Project Pure sludge under consideration
Natural drying system under consideration for Project Pure sludge
An innovative natural system for turning sludge into fertiliser will also be a money-saver for Wanaka ratepayers if “Project Groundswell” gets the go-ahead.
QLDC is proposing a partnership with Fulton Hogan that would transform sludge from Wanaka’s Project Pure wastewater plant into fertiliser at a natural solar drying facility near Luggate. Once dry, the material would be ploughed into the ground at two neighbouring properties and would improve the fertility of the soil, which would then be used to grow silage or hay.
At present the nutrient-rich sludge is trucked over 70km and buried in the Victoria Flats landfill, where it is producing methane and has no environmental benefit.
Erik Barnes, QLDC’s General Manager of Infrastructure and Assets, said that the proposal to develop the solar drying facility would be discussed with the Luggate community at a drop-in information session tonight (Thursday 26 September). Iwi, environmental groups and other local interest groups are also being consulted.
“This is a great opportunity for the district to make some positive changes in how we manage and reuse our waste. We've had great feedback on the proposal so far, because of the environmental and financial advantages of the natural drying system,” Mr Barnes said.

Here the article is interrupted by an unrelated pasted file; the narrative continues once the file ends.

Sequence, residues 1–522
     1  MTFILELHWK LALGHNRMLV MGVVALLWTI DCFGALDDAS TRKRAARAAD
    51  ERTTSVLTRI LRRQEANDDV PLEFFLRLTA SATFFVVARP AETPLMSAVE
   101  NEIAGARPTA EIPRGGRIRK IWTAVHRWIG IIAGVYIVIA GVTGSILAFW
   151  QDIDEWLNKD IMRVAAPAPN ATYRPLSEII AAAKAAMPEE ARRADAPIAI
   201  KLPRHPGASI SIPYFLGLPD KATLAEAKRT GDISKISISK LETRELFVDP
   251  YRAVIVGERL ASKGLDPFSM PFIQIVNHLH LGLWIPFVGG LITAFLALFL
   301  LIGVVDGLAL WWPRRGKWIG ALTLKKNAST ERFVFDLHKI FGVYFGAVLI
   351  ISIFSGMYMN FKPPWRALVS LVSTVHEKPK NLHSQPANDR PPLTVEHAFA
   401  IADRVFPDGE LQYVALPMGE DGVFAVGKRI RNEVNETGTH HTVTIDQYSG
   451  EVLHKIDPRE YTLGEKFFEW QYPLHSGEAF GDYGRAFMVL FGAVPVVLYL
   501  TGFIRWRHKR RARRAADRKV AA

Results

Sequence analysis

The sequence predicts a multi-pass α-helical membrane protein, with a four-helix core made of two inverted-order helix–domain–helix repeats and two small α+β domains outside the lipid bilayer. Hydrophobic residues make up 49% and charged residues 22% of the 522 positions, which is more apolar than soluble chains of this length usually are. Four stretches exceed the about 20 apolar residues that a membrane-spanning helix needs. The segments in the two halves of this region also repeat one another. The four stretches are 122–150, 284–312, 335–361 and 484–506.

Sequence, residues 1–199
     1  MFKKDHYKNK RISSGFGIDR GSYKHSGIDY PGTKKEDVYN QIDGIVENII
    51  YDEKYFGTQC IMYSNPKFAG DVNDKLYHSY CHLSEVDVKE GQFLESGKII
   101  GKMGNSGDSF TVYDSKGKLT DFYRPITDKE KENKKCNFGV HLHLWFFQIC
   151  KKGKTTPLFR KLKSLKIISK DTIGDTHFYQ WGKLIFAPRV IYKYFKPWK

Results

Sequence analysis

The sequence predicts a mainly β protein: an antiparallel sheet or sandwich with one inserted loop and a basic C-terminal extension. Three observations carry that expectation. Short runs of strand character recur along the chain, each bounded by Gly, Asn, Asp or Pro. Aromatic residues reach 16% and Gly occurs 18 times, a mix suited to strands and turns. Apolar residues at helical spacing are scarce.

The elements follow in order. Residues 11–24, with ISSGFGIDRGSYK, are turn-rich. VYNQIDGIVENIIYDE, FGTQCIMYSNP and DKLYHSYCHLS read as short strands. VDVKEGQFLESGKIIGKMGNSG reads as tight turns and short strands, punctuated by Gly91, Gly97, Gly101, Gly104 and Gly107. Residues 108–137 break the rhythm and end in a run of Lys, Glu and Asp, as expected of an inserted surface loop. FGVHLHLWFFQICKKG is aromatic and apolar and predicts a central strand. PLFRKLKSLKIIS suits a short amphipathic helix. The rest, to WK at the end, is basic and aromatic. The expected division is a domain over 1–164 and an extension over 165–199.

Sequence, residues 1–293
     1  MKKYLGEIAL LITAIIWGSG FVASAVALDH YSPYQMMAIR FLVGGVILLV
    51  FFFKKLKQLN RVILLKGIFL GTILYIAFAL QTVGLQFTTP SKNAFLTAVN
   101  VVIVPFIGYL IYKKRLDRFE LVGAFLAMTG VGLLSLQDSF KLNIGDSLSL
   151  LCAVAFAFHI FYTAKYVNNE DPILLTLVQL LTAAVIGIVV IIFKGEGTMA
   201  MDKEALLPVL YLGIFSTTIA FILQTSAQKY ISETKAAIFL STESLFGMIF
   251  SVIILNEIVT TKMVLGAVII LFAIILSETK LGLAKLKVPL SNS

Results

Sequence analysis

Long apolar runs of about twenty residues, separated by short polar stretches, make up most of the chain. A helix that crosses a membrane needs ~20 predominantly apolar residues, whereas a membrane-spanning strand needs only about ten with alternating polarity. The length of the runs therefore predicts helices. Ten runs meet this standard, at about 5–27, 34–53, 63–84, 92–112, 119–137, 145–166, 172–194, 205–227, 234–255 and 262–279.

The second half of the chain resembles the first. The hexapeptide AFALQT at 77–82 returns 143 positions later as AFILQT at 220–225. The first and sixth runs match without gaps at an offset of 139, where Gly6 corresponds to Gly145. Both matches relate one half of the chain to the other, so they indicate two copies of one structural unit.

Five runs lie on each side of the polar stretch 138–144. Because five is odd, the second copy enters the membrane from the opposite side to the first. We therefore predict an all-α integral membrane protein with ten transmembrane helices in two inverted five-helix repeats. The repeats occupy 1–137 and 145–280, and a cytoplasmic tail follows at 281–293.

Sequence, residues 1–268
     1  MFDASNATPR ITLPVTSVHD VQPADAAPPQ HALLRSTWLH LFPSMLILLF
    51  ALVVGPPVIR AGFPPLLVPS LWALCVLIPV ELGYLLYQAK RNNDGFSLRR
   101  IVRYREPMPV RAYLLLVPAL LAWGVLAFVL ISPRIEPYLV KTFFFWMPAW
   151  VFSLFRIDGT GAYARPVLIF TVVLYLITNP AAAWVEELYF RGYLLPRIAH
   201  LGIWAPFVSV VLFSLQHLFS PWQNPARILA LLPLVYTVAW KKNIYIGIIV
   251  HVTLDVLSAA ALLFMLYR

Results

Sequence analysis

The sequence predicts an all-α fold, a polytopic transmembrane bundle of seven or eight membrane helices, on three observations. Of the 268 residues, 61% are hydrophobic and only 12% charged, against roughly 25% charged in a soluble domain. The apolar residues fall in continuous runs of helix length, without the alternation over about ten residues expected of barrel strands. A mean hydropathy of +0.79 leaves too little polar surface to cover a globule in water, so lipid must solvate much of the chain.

The solar drying facility would use German “WendeWolf” technology, which is widely used in Europe and North America, and has also been installed in Toowoomba, Australia. The simple greenhouse-style building uses a combination of vents, flaps and fans to keep air flowing inside and dry the sludge naturally. As the moisture evaporates, the volume of material reduces so that for every 1000 tonnes of sludge brought to the facility, between 100-200 tonnes of dry matter will be left.
If the project goes ahead, it will provide annual savings of $113,000, which is $23.54 a year for every household in Wanaka and Albert Town connected to Project Pure. There is no capital cost to QLDC because Fulton Hogan will build and operate the drying facility, and the Council will pay a set rate for every tonne of sludge dried there.
Fulton Hogan will apply for consent to construct the drying facility and to apply the dry material to land. The two neighbouring landowners have already given their approval as affected parties.